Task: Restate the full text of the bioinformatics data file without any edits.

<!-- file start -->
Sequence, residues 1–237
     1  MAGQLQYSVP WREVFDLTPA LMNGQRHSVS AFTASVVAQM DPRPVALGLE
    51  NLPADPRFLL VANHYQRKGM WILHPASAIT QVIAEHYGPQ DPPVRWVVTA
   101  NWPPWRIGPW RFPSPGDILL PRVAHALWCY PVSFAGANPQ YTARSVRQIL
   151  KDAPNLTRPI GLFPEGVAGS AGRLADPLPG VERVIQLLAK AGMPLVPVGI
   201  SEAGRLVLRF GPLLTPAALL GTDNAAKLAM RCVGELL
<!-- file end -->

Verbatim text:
Sequence, residues 1–237
     1  MAGQLQYSVP WREVFDLTPA LMNGQRHSVS AFTASVVAQM DPRPVALGLE
    51  NLPADPRFLL VANHYQRKGM WILHPASAIT QVIAEHYGPQ DPPVRWVVTA
   101  NWPPWRIGPW RFPSPGDILL PRVAHALWCY PVSFAGANPQ YTARSVRQIL
   151  KDAPNLTRPI GLFPEGVAGS AGRLADPLPG VERVIQLLAK AGMPLVPVGI
   201  SEAGRLVLRF GPLLTPAALL GTDNAAKLAM RCVGELL